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The Slaughter Summit and Miss Little Ears

By       Message Suzana Megles     Permalink
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As sometimes happens I read my mail late, but I'm glad that today I picked up the February 2011 newsletter
from the International Society for the Protection of Mustangs and Burros (ISPMB).  A mouthful to be sure, but this wonderful group's first president was none other than Wild Horse Annie (Velma Johnston) herself!  How proud she must be that this group is carrying on her work to the present day, but it certainly is not without its challenges. 

THE SLAUGHTER SUMMIT. Karen Sussman, the current president is certainly a credit to championing the rights of the wild horses in the same spirit as Wild Horse Annie. She recently attended what I would characterize as going into the lion's den -the Slaughter Summit.  As the name indicates, most of the attendees' one goal was to convince the people present- as well as the American people as a whole that they are only interested in the "suffering" horses' welfare.  Their solution- slaughter most of them!  They want to start up a slaughter house in every state with auction yards right next door.  Anyone with any sense of right or wrong would come to realize that these proponents of horse slaughter have only one real interest in mind and that is not for the horses' welfare.  The bottom line for them is profit.

When Sussman spoke, she made the observation that out of 9 million wild horses -900,000 have been slaughtered annually for the past decade.  (Too many for most of us who care about them.)  Her point though was that if these people present REALLY cared - taking care of this many more horses would not be all that challenging or difficult if their "concerns" were valid.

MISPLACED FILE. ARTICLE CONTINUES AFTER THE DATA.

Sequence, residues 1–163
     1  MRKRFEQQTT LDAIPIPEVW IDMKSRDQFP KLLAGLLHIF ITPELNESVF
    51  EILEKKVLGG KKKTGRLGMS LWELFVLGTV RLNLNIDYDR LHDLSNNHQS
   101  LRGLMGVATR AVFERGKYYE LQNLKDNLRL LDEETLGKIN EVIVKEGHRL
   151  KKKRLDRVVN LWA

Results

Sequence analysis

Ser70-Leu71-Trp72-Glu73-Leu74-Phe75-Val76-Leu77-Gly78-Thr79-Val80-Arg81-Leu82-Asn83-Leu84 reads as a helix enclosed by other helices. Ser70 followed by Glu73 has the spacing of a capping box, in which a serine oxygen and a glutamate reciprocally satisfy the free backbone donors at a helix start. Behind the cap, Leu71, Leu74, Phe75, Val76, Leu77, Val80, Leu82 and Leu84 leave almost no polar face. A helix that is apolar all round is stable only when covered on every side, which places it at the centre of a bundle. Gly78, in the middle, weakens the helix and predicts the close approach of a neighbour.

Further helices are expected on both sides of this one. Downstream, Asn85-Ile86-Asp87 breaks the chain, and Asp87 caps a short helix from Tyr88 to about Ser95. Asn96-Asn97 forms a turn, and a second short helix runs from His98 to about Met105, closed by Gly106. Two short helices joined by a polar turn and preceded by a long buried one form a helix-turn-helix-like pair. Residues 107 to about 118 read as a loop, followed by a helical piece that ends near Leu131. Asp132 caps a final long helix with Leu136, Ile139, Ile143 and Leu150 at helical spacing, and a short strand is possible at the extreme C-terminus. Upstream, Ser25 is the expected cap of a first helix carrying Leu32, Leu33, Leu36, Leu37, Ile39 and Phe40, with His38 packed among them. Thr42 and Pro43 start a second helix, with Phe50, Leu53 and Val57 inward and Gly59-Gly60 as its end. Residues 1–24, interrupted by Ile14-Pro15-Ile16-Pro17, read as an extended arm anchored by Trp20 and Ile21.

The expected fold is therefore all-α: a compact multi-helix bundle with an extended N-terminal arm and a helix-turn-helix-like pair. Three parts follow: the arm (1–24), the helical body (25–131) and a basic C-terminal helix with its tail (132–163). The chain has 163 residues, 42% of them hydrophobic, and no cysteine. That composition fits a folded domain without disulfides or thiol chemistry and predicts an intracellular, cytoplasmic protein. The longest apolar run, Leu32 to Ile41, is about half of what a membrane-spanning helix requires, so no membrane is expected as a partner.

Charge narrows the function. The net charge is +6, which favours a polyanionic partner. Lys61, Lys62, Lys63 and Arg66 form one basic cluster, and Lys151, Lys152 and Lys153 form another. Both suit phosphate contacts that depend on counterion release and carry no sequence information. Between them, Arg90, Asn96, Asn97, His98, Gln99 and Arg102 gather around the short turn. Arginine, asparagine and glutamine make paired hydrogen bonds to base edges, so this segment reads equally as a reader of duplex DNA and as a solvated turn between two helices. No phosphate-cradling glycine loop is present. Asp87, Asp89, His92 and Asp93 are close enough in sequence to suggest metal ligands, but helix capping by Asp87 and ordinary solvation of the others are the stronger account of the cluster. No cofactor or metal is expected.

Thankfully, Bob Abbey of the BLM also spoke to the participants at the Summit and told them in no uncertain terms- the BLM will not allow sale authority of slaughter of the horses in the holding pastures.  He also stated that BLM will always have wild horses and burros on public land.  His response was welcomed by all who appreciate the wild horses of the West. 

One last thought re this meeting of "unlike" minds which made me smile.  Ed Butcher of MT tried to discredit Karen Sussman's speech by saying people like her who live in cities and have little horse experience don't know what they're talking about.  It would seem that it was he who didn't know what he was talking about.  Sussman was no city gal.  She has been riding since she was four, and was in the horse industry with 30 years experience.  She has managed four wild herds since 1999.  I truly appreciate her courage in appearing at this clearly unfriendly "gool ole boys" slaughter summit, though sadly, I know of a corpulent Wyoming woman legislator who may have been there as well.  She is very anxious to restart her family's business for slaughtering horses for the tables of Europe.  Sussman was more than equal to the challenge, and if the horses could speak, they would say - atta girl, Karen, and thank you.